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ERIC Number: ED406962
Record Type: Non-Journal
Publication Date: 1997
Pages: 4
Abstractor: N/A
Reference Count: N/A
ISBN: N/A
ISSN: N/A
A Culture for Academic Excellence: Implementing the Quality Principles in Higher Education. ERIC Digest.
Freed, Jann E.; And Others
This digest, based on a larger report of the same title, summarizes principles for improving quality in higher education institutions. Emphasis is on the effect of the principles when they are used holistically to create a culture of academic excellence. The quality principles are based on the conceptual framework of total quality management (TQM) which have been demonstrated to improve the effectiveness and efficiency of organizations. The quality principles utilize scientific outcomes measurement, systematic management techniques, and collaboration to achieve the mission of the institution. They include the following characteristics of effective organizations: (1) vision, mission, and outcomes driven; (2) systems dependent; (3) systematic individual development; (4) decisions based on fact; (5) delegation of decision making; (6) collaboration; (7) planning for change; and (8) creative and supportive leadership. Because the principles are interrelated and interdependent they need to be implemented across an entire system. Application in institutions of higher education involves measurement of outcomes, greater interdependency of institutional constituencies, leadership training, a different form of professional development, and data-based decision making. (Contains 11 references.) (DB)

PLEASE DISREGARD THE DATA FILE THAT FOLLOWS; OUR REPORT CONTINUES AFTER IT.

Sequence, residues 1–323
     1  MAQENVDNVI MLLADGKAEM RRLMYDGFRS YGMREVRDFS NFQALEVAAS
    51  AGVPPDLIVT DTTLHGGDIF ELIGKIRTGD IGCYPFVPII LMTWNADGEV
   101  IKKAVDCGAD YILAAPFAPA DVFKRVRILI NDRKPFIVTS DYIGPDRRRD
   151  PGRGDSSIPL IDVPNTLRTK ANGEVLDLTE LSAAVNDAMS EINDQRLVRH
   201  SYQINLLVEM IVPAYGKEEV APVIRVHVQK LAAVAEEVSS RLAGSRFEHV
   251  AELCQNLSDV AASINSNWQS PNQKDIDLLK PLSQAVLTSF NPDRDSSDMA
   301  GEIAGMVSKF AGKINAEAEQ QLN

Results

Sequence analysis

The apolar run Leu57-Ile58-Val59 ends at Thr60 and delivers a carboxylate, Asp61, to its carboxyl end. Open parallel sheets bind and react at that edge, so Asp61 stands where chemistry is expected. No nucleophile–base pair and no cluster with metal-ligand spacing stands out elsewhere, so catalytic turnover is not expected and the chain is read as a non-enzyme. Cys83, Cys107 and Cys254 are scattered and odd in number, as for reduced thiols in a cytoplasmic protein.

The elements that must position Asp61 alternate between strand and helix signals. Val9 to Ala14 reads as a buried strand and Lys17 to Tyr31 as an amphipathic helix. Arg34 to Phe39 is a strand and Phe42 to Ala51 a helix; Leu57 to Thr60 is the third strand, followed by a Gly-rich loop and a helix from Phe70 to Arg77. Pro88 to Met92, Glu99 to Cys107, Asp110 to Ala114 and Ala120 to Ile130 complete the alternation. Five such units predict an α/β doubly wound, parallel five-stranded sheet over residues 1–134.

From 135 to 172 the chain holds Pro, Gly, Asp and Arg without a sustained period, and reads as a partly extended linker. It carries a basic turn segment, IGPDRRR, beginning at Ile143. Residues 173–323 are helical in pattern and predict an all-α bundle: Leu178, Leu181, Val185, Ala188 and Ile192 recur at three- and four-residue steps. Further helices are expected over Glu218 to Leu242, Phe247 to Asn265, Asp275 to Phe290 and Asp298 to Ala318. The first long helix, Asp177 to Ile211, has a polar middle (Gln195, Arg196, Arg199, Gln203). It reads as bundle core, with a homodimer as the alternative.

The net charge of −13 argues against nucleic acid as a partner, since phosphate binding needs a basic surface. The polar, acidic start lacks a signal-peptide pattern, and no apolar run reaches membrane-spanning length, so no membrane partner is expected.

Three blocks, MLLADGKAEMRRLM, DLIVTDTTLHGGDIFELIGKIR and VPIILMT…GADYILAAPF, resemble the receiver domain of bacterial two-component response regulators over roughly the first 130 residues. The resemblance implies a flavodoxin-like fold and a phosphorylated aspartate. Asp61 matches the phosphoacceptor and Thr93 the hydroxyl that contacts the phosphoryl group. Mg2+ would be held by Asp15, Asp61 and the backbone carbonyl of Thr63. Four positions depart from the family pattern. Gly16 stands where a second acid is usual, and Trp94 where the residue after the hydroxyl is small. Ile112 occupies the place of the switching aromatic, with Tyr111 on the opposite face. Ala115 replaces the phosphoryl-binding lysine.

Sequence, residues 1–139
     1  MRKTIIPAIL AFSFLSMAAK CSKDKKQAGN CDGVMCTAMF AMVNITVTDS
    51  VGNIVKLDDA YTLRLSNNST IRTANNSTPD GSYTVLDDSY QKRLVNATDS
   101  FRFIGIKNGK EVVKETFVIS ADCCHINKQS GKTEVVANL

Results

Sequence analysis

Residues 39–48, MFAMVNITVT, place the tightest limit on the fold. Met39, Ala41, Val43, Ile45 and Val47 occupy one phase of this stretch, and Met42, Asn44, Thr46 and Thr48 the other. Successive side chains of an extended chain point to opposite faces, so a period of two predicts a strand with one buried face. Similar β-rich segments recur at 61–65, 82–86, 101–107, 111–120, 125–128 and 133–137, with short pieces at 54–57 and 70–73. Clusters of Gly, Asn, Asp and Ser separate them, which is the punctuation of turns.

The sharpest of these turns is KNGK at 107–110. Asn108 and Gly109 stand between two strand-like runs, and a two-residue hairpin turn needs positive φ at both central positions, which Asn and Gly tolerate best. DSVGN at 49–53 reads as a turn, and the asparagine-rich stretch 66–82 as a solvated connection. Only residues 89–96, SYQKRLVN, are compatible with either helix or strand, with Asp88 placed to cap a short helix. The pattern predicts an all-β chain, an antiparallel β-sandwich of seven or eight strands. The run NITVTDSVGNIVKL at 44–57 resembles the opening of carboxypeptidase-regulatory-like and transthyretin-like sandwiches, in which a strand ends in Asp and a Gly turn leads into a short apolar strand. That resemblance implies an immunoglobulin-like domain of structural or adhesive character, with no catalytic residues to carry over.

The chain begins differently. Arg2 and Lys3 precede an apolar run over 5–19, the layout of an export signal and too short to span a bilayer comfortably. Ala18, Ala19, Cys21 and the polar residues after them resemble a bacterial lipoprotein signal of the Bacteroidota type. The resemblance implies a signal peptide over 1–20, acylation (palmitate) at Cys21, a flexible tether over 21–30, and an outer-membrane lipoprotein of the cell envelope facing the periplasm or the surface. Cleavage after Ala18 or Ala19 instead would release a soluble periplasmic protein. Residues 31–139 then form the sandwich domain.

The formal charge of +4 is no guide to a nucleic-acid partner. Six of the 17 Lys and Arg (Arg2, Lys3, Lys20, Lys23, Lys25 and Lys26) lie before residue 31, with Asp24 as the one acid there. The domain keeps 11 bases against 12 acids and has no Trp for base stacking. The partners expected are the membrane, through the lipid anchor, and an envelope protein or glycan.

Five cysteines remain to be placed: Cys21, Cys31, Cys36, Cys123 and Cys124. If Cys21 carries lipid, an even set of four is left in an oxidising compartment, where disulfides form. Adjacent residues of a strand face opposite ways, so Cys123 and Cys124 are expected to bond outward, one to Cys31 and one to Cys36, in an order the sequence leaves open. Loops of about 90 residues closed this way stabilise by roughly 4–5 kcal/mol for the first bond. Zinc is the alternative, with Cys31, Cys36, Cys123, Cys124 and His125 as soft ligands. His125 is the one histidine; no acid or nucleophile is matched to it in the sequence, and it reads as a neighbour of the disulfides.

ERIC Clearinghouse on Higher Education, One Dupont Circle, Washington, DC 20036-1183; 1-800-773-3742; fax: 202-452-1844 ($1).
Publication Type: ERIC Publications; ERIC Digests in Full Text
Education Level: N/A
Audience: Administrators; Practitioners
Language: English
Sponsor: Office of Educational Research and Improvement (ED), Washington, DC.
Authoring Institution: ERIC Clearinghouse on Higher Education, Washington, DC.; George Washington Univ., Washington, DC. Graduate School of Education and Human Development.